In just 18 months, it’s also become a forum where tenants can compare their rent increases.

Sacha Proctor has become a regular on the closed social-media site since he and his girlfriend Leslie Hohmeyer were told the rent on their two-bedroom loft at Lansdowne Ave. near Dupont St. was jumping to $1,500 a month.

That’s an almost 18 per cent increase in just two years.

“Apparently this is what happens when you bring up maintenance issues with the landlord here,” posted Proctor, 33, a video editor.

7 reasons your house may not be selling

Selling a home isn’t as simple as planting a sign in the ground any more. It involves preparation, timing and strategic advice. If you don’t do all of the above, do not be surprised when your home does not sell while others in the area are doing so.

Here are some common mistakes…

Toronto’s Animal Heros

Their work is at once heartbreaking, infuriating, and ridiculously rewarding. Most are volunteer and all are largely unsung. And every single one would be thoroughly delighted if society would get its act together sufficiently so that their efforts would no longer be required.

They are the city’s animal heroes, those advocating for, feeding, fostering, sterilizing, and sheltering Toronto’s abandoned, feral, and wild creatures, filling the gap neither the Toronto Humane Society nor Toronto Animal Services—both excellent but stretched agencies—can entirely fill.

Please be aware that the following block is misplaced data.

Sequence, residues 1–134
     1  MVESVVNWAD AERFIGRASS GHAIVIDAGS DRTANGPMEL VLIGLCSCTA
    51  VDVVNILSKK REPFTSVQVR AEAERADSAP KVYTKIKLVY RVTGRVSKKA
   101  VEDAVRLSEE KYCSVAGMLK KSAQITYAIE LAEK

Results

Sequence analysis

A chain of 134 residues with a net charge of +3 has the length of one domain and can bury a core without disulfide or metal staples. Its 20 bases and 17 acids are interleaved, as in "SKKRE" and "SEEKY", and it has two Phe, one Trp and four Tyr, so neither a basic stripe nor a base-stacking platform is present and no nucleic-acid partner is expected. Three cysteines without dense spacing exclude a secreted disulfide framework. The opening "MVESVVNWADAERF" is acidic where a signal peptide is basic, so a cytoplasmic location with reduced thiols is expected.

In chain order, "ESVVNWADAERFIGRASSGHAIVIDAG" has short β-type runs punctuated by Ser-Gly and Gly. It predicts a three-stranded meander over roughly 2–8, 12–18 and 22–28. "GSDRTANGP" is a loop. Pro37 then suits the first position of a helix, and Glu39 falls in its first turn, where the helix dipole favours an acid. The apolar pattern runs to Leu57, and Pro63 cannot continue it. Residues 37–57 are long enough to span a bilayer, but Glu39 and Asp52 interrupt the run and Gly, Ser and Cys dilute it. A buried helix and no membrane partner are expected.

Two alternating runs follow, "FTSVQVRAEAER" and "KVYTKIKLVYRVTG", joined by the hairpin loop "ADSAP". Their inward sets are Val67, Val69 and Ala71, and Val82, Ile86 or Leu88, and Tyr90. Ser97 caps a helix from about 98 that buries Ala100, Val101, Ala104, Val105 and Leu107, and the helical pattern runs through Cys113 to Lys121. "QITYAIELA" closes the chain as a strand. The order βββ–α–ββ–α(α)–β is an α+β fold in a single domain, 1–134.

Without the dedicated souls behind the organizations spotlighted below, untold thousands of creatures would be dead or even more desperate than they are at present. Sadly, we can’t name-check everyone who daily makes a difference; heaps of caring individuals build life-saving winter shelters and set out plates of kibble for the city’s stray cats, estimated to number a shameful 100,000. But these people, we think you’ll agree, represent a level of dedication that’s goes one step beyond. Our city is better for their presence.


Before-and-After Kitchen Makeovers From Rate My Space

Dreary kitchen getting you down? Take matters into your own hands and give your cooking space a makeover with inspiration from fellow design enthusiasts.

How to turn your Instagram shots into a 21st-century stained-glass window

Home-improvement projects don’t have to eat up all your time or empty your wallet. Nor do you necessarily need to call in experts. There’s a long and growing list of ways to add a dash of design to whatever living space you call home all on your own.